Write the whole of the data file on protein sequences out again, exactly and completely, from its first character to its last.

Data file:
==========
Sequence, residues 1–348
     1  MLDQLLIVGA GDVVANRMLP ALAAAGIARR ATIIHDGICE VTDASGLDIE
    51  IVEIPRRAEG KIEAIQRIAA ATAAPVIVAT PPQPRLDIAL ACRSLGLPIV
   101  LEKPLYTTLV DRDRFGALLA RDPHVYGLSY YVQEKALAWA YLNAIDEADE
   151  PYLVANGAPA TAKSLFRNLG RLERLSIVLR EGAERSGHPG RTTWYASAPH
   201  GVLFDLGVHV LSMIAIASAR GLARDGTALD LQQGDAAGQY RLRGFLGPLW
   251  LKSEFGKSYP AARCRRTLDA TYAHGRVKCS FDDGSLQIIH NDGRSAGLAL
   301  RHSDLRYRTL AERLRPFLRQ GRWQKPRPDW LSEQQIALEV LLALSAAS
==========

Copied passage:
Sequence, residues 1–348
     1  MLDQLLIVGA GDVVANRMLP ALAAAGIARR ATIIHDGICE VTDASGLDIE
    51  IVEIPRRAEG KIEAIQRIAA ATAAPVIVAT PPQPRLDIAL ACRSLGLPIV
   101  LEKPLYTTLV DRDRFGALLA RDPHVYGLSY YVQEKALAWA YLNAIDEADE
   151  PYLVANGAPA TAKSLFRNLG RLERLSIVLR EGAERSGHPG RTTWYASAPH
   201  GVLFDLGVHV LSMIAIASAR GLARDGTALD LQQGDAAGQY RLRGFLGPLW
   251  LKSEFGKSYP AARCRRTLDA TYAHGRVKCS FDDGSLQIIH NDGRSAGLAL
   301  RHSDLRYRTL AERLRPFLRQ GRWQKPRPDW LSEQQIALEV LLALSAAS